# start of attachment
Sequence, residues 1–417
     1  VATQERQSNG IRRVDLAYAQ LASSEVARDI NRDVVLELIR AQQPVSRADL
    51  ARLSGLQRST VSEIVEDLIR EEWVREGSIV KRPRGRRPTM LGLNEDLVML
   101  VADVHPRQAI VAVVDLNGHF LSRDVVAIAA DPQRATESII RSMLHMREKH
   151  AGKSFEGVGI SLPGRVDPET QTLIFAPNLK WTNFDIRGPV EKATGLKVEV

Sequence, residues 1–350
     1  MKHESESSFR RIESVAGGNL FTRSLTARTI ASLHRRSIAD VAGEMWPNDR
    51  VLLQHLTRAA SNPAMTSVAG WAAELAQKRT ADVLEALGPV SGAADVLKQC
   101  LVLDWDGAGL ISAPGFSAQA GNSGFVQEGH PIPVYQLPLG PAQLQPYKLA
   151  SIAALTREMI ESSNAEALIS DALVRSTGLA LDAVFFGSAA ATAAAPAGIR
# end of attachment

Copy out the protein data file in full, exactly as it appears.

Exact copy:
Sequence, residues 1–417
     1  VATQERQSNG IRRVDLAYAQ LASSEVARDI NRDVVLELIR AQQPVSRADL
    51  ARLSGLQRST VSEIVEDLIR EEWVREGSIV KRPRGRRPTM LGLNEDLVML
   101  VADVHPRQAI VAVVDLNGHF LSRDVVAIAA DPQRATESII RSMLHMREKH
   151  AGKSFEGVGI SLPGRVDPET QTLIFAPNLK WTNFDIRGPV EKATGLKVEV

Sequence, residues 1–350
     1  MKHESESSFR RIESVAGGNL FTRSLTARTI ASLHRRSIAD VAGEMWPNDR
    51  VLLQHLTRAA SNPAMTSVAG WAAELAQKRT ADVLEALGPV SGAADVLKQC
   101  LVLDWDGAGL ISAPGFSAQA GNSGFVQEGH PIPVYQLPLG PAQLQPYKLA
   151  SIAALTREMI ESSNAEALIS DALVRSTGLA LDAVFFGSAA ATAAAPAGIR